Updated 1:58 p.m. with infographic link at end
NORWALK, Conn. – Just for the record, let me state up front that I am one of those old white guys people talk about when they need to describe, in a nutshell, what is wrong with the country.
The complaints? Old white guys rule. Old white guys write the TV shows and movies, the books and therefore control pop culture. Old white guys are mayors and congressmen. Old white guys are the corporate chiefs, the bankers, the movers and the shakers.
Well, OK. I am none of the above except an old white guy, and I’m not really all that, either. Not totally. Not OLD old. And my family tree includes – and I expect a letter from former Massachusetts Sen. Scott Brown about this – a member of the Cherokee tribe from North Carolina.
Now I know lots of old white people say they are part Cherokee – or part some other American Indian – and no, I have no proof. Apparently so many people wanted to claim heritage that the Cherokee have put in place (and have had it in place for some time) a very difficult set of standards of proof. Some of the records needed simply do not exist anymore.
I do know that my father’s father, a member of a wealthy branch of the non-Cherokee family, married my grandmother against said rich white family’s wishes, and wound up abandoning her a few years later with three preschool kids rather than be disinherited by the rich folks for marrying a person of mixed racial heritage.
So my father, who would identify as a white guy all his life, grew up poor, and in a home for boys for several years because his mom – my grandmother, the only natural grandparent I ever knew – could not work and take care of two little girls and a rambunctious young boy. He went to the Dickensian home that was part orphanage, where Christmas meant new toothbrush, a comb and, if you were lucky, an orange, and where discipline might include waking up several minutes later on the floor against a wall.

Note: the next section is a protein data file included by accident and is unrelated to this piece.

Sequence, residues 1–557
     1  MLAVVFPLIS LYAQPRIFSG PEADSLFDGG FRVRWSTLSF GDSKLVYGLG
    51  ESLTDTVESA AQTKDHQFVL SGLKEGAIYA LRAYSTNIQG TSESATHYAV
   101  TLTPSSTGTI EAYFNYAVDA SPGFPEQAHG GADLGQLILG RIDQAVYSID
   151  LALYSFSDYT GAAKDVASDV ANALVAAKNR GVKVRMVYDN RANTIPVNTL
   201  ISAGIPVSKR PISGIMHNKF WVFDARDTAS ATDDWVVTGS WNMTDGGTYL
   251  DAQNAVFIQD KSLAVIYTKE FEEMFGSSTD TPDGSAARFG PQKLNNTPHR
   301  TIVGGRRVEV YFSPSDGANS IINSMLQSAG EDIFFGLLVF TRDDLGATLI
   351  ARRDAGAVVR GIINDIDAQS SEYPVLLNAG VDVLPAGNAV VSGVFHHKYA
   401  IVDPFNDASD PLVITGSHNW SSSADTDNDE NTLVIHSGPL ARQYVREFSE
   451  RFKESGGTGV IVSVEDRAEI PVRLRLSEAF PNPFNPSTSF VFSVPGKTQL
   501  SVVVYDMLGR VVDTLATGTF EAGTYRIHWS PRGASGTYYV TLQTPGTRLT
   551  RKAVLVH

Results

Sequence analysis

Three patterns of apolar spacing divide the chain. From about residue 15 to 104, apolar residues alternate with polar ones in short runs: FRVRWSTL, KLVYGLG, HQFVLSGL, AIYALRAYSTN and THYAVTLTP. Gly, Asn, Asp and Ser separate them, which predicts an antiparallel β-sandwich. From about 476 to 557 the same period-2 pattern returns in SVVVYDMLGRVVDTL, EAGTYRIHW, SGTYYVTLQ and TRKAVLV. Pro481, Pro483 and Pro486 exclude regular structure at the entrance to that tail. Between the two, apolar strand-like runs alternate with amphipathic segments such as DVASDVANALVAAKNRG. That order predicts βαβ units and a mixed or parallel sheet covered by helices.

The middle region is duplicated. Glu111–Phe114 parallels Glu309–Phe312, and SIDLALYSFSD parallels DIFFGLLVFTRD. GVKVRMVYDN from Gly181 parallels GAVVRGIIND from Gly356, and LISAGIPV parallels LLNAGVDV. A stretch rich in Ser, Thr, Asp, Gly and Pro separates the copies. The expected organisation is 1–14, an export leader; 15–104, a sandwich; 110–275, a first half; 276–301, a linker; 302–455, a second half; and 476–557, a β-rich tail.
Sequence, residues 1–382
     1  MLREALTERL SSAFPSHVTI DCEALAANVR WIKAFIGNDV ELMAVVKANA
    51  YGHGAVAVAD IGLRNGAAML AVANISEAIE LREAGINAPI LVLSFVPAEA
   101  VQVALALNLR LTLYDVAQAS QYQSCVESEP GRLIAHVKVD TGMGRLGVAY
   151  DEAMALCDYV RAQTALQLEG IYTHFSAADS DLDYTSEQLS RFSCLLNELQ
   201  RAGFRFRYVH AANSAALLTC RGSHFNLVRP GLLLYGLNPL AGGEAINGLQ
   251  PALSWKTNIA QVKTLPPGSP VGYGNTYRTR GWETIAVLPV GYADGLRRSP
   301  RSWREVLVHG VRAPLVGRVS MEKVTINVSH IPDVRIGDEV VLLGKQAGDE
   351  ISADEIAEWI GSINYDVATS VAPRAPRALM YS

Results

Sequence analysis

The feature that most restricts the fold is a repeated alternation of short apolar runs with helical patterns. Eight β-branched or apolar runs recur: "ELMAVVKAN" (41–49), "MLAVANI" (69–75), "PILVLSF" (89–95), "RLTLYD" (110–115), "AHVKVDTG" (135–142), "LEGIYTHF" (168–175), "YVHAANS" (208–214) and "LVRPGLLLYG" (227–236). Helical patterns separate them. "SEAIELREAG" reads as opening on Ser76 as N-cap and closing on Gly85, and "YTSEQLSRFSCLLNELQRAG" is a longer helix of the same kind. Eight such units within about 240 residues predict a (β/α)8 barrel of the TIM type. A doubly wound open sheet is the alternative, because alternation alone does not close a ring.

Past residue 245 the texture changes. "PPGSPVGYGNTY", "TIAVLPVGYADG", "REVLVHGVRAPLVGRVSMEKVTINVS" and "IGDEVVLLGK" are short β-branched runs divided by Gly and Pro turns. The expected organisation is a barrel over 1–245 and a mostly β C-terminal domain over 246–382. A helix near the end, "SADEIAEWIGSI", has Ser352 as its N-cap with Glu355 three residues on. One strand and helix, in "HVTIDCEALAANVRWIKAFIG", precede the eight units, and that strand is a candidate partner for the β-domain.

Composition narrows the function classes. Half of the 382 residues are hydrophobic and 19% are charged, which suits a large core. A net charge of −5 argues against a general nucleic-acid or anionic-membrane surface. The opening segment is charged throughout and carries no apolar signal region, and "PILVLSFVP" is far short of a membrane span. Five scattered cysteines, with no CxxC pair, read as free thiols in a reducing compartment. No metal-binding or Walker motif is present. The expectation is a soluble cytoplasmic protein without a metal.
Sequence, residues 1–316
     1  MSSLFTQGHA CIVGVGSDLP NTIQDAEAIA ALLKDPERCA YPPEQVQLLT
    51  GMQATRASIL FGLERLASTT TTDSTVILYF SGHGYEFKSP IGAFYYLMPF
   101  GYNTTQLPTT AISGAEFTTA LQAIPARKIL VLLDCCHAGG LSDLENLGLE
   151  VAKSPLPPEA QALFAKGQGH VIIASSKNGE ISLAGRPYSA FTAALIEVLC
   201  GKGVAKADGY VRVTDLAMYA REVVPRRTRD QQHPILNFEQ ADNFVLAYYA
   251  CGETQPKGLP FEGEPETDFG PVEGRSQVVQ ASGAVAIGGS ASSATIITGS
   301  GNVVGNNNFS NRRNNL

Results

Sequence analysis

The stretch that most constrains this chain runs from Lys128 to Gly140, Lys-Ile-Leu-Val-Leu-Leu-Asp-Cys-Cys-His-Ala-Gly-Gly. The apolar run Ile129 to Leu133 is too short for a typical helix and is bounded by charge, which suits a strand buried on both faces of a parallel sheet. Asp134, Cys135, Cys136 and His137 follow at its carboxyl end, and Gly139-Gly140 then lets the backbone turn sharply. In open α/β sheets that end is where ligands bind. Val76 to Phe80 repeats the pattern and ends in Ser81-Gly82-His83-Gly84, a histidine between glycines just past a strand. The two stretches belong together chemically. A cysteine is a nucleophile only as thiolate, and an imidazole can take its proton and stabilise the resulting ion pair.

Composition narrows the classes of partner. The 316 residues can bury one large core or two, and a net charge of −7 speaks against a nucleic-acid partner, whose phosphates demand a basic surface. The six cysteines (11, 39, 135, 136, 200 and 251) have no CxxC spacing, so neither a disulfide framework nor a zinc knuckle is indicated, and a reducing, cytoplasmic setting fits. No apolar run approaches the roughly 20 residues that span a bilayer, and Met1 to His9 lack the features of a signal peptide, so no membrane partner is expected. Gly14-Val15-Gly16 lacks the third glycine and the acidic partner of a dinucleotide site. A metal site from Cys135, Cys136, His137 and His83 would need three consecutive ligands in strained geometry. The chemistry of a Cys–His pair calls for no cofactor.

So why all this information? It has something to do with the rising tide of racial division in Norwalk, and in the United States. And that has a lot to do with the rising tide of racial minorities who, in short order, will relegate old white guys – and old white women, and young white people of all genders – to minority status. That scares the pants off of white people, who cannot conceive of being, well, on the other side of the demographic fence. And, hey, just in case you didn’t read the literature, the nation put a non-white guy in charge of the country, and, well, all hell broke loose, not the least of which was a significant number of people trying – and they continue to try – to de-legitimize him.
But people, we have become a nation of 50 shades of humans — not blacks, whites, browns, yellows and reds, just humans. Hitler would be appalled. We should be thrilled.
Me? I get it. I grew up in Hyannis Port, after all, where blacks, Latinos and Jewish people were as scarce as unanimity in the Norwalk Democratic Party. It wasn’t even the rich part of Hyannis Port. It was, befitting our status as a lower middle income, blue collar family, the slums of Hyannis Port, which consisted of our house.